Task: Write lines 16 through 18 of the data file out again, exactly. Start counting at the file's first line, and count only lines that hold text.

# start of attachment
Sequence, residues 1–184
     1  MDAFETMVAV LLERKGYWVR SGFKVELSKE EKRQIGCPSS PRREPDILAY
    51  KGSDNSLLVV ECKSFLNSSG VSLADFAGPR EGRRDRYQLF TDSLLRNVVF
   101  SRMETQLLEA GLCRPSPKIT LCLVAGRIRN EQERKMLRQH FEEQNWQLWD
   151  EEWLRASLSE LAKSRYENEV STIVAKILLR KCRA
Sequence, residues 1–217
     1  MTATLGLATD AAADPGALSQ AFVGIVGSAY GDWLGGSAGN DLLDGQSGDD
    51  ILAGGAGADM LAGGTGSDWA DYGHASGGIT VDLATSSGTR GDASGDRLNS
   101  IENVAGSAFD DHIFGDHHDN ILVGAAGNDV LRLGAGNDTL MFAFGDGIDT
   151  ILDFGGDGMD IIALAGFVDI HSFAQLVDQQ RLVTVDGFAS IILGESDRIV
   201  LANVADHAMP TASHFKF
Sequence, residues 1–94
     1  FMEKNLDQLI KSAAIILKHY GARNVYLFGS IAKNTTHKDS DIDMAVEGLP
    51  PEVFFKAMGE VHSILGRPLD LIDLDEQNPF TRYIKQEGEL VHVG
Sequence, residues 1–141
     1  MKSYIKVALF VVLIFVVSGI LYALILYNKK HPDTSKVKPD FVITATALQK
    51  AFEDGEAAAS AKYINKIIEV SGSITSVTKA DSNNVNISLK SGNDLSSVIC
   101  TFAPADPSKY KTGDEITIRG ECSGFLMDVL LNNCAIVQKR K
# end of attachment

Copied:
     1  MKSYIKVALF VVLIFVVSGI LYALILYNKK HPDTSKVKPD FVITATALQK
    51  AFEDGEAAAS AKYINKIIEV SGSITSVTKA DSNNVNISLK SGNDLSSVIC
   101  TFAPADPSKY KTGDEITIRG ECSGFLMDVL LNNCAIVQKR K